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History in the Making 

How the Zags got to their first Final Four, and who stands in the way of a national championship

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Given the team's long history of regular-season and NCAA Tournament success, it shouldn't be a surprise that Gonzaga finally reached the Final Four mountaintop. But as the final seconds ticked off in their West Regional final on Saturday and the reality set in that the Zags would be playing in Phoenix this weekend with a shot at the national championship, it was still a goosebumps moment for Spokane college hoops fans.

Finally, after years of oh-so-close, the Zags are in the final stage of March Madness, and no matter what happens in Arizona, the 2016-17 team will go down in Gonzaga history as the school's best team ever — at least until the next Final Four run.

Here's a look at the steps the team took during this March Madness run, and a scouting report on their national semifinal foe, South Carolina.

March 16: GU beats South Dakota State 66-46

The pesky Jackrabbits hung tough until the second half, evoking Gonzaga's previous trip to Salt Lake City for the tournament's early rounds when they barely beat 16th-seeded Southern. Johnathan Williams held SDSU star Mike Daum in check defensively, foreshadowing a strong run of performances that ultimately resulted in Williams being named the West Regional's Most Outstanding Player. Fellow transfer Jordan Mathews led a balanced Zags attack with 16 points.

March 18: GU beats Northwestern 79-73

The Wildcats made some school history themselves, becoming the first Northwestern team to reach the NCAA Tournament. They nearly made their run even more significant, delivering a furious comeback against the Zags in the second half after being down 18 points at the break. Northwestern got the lead down to five with five minutes to play when the Zags' Zach Collins got away with a goaltending call when he reached up through the hoop to block a shot. Wildcats coach Chris Collins was hit with a technical foul for arguing about the play, and the comeback momentum was effectively thwarted. The Zags breathed a sigh of relief and headed to the Sweet Sixteen. Nigel Williams-Goss led the way with 20 points and eight rebounds.

March 23: GU beats West Virginia 61-58

The Mountaineers' infamous pressing defense definitely affected Gonzaga's offense, but the Zags' defense proved even tougher on West Virginia, holding the Mountaineers to 26.7 percent shooting from the field in an ugly, foul-filled game that went right down to the wire. Mathews' three-point shooting proved key for Gonzaga, especially his last shot that came with just under a minute to play and put the Zags up for good. There were a total of 51 fouls called, and only 34 field goals scored between the teams; the old March Madness axiom of "survive and advance" was never more apt for the Zags.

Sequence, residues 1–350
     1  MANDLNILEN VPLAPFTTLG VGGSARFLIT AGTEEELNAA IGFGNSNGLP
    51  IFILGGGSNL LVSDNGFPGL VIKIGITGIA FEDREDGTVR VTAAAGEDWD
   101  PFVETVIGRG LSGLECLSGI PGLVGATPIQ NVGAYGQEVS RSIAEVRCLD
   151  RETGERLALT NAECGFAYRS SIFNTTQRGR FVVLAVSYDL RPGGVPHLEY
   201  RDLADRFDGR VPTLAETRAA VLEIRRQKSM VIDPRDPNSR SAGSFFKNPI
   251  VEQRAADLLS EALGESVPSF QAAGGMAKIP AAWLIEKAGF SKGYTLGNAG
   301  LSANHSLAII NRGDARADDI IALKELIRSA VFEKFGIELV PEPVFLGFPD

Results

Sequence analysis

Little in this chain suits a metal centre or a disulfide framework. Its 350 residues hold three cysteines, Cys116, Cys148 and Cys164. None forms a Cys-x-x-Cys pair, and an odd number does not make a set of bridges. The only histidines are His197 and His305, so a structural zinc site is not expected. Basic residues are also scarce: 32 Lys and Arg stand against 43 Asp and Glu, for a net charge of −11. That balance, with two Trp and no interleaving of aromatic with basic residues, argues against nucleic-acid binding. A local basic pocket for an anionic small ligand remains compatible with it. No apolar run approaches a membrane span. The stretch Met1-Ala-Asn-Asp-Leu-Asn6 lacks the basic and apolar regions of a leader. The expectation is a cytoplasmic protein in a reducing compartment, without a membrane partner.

March 25: GU beats Xavier 83-59

After their team had scuffled through parts of their previous three games, Gonzaga fans enjoyed a performance like the ones they're used to when the Zags play West Coast Conference foes. On offense, the team hit 12 of 24 three-point attempts and methodically picked apart the Musketeers' defense behind Williams-Goss' playmaking, center Przemek Karnowski's passing and Williams' sheer athleticism. Williams-Goss scored 23 points, Williams 19, but it was truly a team effort, as the Zags led by 10 points at halftime before pulling away to become the first WCC team in the Final Four since the University of San Francisco in 1957 — and the first Gonzaga Final Four team ever.

On Saturday at 3:09 pm, CBS: Gonzaga vs. South Carolina

Any Zags fans feeling overconfident because South Carolina entered the tournament as a No. 7 seed need to check themselves. The Gamecocks are a well-coached team, and after already making their deepest-ever March Madness run, they're full of confidence. More important, South Carolina brings a tough-as-nails defense to every game. The Zags' game against West Virginia should serve them well, as they prepare for another team that doesn't have the size Gonzaga does, but boasts a deep roster that delivers what the media loves to call "swarming" D. Gonzaga will have to keep East Regional Most Outstanding Player Sindarius Thornwell in check; the sharpshooting senior guard averages 21.6 points a game and has been the key to the Gamecocks' tournament wins against Marquette, No. 2 seed Duke, No. 3 seed Baylor and No. 4 seed Florida, boosting that production to 25.5 points per game. ♦

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